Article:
August 30 , 2011
Beijing has been stepping up the pressure on both the supply and demand side of China’s housing market. 2011 has seen an increase in interest rates, property taxes, down payment ratios, and restrictions on multiple home ownership introduced to curb the rapid price rises in tier one cities. The results may be showing.
This article in Business China has quoted a couple of the major league developers saying that they are putting the breaks on expansion. “Developers are all trying to reduce as much housing inventory as possible,” according to a senior manager at Vanke. In this article for the China Daily, Poly Real Estate “said the possibility of "a localized price volatility" in the second half of the year cannot be ruled out because of the Chinese government's efforts to curb housing price surges, increasing supplies and a continuous capital crunch plagued the real estate sector.”
Poly also blamed the debt crisis in Europe and the US for falling transaction volumes, but the mechanics are much simpler and much closer to home.
Firstly, China’s M2 has increased by RMB 25 trillion between 2008 and 2010 (that’s roughly the same as all economic activity in China in 2007). Coupled with this has been actual GDP over the same period 100 trillion RMB, which consists of consumption, investment and exports. Over a very short period of time, China has become absolutely flooded with liquidity.
Secondly, capital controls have limited people to make investments in limited areas: very little has been allowed overseas; given high transaction costs and state ownership, private investment has been stymied; the hukou system has kept money from a more even geophysical spread; and the stock market isn’t trusted. The average Chinese saver is forced to choose between the stock market, speculative commodities like gold, the banks and property.
Thirdly, interest rates are overtaking price levels. It now costs something like 7.5-8% a year to borrow money to buy a house, up from 5-6% a couple of years ago. Prices have doubled in the last five years and advanced by 10% or 12% in that last 12 months. But these are now falling below interest rates, disrupting an important trend. Property had been used as a bank account of sorts and now that prices are slowing, people are facing negative performance of their “deposits”.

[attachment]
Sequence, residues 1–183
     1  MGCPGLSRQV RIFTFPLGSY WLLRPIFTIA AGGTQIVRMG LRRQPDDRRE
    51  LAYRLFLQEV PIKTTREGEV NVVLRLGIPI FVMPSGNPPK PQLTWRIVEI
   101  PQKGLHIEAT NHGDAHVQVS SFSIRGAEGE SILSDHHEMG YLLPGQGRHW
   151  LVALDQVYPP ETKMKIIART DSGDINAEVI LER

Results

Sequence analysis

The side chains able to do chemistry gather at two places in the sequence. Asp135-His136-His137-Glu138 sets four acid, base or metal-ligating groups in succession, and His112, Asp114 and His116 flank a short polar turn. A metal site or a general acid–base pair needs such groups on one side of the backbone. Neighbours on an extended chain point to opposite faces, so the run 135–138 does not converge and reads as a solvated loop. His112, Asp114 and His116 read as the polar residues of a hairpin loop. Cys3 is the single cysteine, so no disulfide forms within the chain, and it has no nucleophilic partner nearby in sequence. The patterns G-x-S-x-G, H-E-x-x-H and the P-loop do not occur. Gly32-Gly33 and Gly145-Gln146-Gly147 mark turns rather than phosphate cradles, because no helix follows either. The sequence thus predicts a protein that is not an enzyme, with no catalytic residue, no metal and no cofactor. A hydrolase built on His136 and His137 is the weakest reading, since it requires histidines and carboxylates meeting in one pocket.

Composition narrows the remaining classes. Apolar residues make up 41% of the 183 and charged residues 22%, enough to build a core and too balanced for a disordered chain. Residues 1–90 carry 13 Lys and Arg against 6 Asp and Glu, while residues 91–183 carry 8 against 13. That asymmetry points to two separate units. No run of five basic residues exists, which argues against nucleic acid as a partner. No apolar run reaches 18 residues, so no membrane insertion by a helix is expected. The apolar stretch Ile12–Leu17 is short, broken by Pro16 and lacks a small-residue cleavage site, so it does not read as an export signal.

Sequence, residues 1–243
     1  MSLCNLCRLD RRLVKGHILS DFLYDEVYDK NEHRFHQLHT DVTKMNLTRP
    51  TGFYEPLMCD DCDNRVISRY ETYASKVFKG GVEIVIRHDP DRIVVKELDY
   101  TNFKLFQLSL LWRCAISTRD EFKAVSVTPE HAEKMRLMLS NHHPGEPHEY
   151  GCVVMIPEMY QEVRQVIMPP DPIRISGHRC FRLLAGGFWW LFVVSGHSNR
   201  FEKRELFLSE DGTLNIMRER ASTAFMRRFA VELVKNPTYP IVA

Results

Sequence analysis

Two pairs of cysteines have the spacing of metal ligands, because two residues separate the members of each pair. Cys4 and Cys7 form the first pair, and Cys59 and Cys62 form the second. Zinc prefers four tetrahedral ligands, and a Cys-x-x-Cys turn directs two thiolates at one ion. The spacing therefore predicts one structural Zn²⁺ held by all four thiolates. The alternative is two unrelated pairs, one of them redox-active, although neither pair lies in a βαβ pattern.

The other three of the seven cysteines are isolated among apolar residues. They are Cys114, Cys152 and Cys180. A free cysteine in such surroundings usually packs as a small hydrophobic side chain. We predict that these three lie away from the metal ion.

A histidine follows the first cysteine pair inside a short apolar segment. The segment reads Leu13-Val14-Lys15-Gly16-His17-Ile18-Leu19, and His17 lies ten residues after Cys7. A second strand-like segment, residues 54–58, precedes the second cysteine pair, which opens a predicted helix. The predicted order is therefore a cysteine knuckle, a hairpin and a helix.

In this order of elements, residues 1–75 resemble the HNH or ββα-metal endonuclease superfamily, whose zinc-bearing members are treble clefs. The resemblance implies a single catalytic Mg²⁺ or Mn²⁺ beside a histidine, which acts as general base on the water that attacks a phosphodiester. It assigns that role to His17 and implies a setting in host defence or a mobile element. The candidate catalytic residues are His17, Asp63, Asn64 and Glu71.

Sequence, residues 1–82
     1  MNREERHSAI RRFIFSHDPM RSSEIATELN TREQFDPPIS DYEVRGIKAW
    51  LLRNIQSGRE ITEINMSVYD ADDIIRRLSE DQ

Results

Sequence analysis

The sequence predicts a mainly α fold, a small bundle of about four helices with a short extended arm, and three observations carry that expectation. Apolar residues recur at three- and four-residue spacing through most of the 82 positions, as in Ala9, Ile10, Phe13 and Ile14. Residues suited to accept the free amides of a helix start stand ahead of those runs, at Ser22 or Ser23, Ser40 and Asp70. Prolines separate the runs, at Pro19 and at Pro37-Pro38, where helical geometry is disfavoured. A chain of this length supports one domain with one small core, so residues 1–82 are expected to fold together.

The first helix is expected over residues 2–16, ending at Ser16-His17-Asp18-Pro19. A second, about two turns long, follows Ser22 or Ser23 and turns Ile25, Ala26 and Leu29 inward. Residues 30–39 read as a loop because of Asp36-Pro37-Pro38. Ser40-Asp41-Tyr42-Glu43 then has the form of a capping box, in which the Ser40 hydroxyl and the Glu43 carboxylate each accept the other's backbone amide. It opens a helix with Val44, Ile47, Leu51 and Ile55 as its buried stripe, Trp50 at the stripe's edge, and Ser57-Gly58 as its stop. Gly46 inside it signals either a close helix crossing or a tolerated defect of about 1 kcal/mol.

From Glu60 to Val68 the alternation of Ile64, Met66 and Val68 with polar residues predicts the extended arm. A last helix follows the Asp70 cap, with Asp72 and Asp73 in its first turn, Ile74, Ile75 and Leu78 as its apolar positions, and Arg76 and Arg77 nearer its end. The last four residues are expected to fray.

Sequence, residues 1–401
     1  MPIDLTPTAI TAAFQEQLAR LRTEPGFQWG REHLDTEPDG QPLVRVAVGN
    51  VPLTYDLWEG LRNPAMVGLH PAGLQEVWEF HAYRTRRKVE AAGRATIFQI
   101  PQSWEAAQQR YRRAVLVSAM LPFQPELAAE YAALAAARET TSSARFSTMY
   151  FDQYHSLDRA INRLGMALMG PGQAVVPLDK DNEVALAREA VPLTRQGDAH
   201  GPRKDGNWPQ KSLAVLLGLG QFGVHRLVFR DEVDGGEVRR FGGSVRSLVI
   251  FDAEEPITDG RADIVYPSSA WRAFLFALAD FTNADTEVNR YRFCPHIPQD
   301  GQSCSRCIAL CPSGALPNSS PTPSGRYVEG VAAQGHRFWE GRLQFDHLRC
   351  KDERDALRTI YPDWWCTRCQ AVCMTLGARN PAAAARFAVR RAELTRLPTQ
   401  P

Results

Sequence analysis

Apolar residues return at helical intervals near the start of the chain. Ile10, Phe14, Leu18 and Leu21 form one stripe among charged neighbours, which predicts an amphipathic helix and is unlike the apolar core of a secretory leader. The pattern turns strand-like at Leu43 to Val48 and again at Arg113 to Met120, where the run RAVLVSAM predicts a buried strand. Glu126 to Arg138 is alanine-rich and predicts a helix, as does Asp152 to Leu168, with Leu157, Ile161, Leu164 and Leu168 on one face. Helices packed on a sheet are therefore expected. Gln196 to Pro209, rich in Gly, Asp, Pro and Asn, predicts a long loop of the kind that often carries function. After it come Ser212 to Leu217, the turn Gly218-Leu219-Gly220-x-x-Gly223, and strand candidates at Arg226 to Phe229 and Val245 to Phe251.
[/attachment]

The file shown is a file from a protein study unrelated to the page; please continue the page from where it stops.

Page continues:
Anecdotally, real estate agent activity is the quietest it’s been since late 2008. Very few units are being sold and, judging by comments from developers, less is coming on the market.
So what happens?
It’s important to note that this isn’t a bubble. There isn’t going to be a mass sell-off. Why? There is a long-term-hold mentality towards property in China. This isn’t the borrow, buy and flip type of activity we saw abroad prior to 2007.
There will be some distressed projects and these will probably sit idle for a few years (I remember half finished tower blocks strewn around Asia in the wake of the 1997 AFC. It took up to 5 years for the ownership to be unraveled and acquired). There will be few individual defaults as mortgage periods are short (typically 5 years) in China, with high down-payments and lots of family help.
Expect more of a lock up in the market, which will be felt in Beijing and Shanghai, and less so in the so-called lower tiers of China. Mr China makes an interesting point about greenfield investment opportunities for foreigners.
Over the longer term, growth will remain robust. The government has several control rods in the market, and can remove any of these to spur growth. But for the time being, there is likely to be a capital flight from property and back into equities, gold and the banking system.
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GCiS (www.GCiS.com.cn) is a China-based market research and advisory firm focused on business to business markets. Since 1997, GCiS has been working with leading multinationals in sectors ranging from technology to industrial markets, medical, chemicals, resources, building and constructions and a few others.